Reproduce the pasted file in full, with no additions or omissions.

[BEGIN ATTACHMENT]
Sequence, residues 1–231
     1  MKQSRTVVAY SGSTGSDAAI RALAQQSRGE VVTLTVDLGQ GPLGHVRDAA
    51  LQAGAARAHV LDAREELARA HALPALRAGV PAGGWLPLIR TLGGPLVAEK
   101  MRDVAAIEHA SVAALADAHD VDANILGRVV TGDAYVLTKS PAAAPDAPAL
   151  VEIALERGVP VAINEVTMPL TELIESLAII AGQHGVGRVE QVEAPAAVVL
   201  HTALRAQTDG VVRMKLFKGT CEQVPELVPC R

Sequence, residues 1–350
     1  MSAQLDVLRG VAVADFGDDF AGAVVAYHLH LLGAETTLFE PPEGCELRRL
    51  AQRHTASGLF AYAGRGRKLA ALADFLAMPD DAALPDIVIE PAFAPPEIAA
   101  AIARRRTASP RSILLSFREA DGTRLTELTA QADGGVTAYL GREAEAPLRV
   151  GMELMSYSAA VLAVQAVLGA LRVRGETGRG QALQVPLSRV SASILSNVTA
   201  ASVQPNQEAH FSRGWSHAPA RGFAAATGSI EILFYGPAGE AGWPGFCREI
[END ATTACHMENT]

Sequence, residues 1–231
     1  MKQSRTVVAY SGSTGSDAAI RALAQQSRGE VVTLTVDLGQ GPLGHVRDAA
    51  LQAGAARAHV LDAREELARA HALPALRAGV PAGGWLPLIR TLGGPLVAEK
   101  MRDVAAIEHA SVAALADAHD VDANILGRVV TGDAYVLTKS PAAAPDAPAL
   151  VEIALERGVP VAINEVTMPL TELIESLAII AGQHGVGRVE QVEAPAAVVL
   201  HTALRAQTDG VVRMKLFKGT CEQVPELVPC R

Sequence, residues 1–350
     1  MSAQLDVLRG VAVADFGDDF AGAVVAYHLH LLGAETTLFE PPEGCELRRL
    51  AQRHTASGLF AYAGRGRKLA ALADFLAMPD DAALPDIVIE PAFAPPEIAA
   101  AIARRRTASP RSILLSFREA DGTRLTELTA QADGGVTAYL GREAEAPLRV
   151  GMELMSYSAA VLAVQAVLGA LRVRGETGRG QALQVPLSRV SASILSNVTA
   201  ASVQPNQEAH FSRGWSHAPA RGFAAATGSI EILFYGPAGE AGWPGFCREI